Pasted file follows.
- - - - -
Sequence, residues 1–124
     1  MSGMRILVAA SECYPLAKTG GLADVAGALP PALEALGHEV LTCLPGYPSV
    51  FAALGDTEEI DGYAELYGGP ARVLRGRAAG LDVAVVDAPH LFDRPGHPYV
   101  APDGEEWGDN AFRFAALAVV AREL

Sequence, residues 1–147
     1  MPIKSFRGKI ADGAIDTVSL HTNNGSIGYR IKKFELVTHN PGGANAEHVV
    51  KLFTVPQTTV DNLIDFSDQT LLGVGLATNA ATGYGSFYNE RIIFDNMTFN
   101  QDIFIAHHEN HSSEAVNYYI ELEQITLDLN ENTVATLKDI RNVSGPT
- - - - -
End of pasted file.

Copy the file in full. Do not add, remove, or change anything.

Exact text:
Sequence, residues 1–124
     1  MSGMRILVAA SECYPLAKTG GLADVAGALP PALEALGHEV LTCLPGYPSV
    51  FAALGDTEEI DGYAELYGGP ARVLRGRAAG LDVAVVDAPH LFDRPGHPYV
   101  APDGEEWGDN AFRFAALAVV AREL

Sequence, residues 1–147
     1  MPIKSFRGKI ADGAIDTVSL HTNNGSIGYR IKKFELVTHN PGGANAEHVV
    51  KLFTVPQTTV DNLIDFSDQT LLGVGLATNA ATGYGSFYNE RIIFDNMTFN
   101  QDIFIAHHEN HSSEAVNYYI ELEQITLDLN ENTVATLKDI RNVSGPT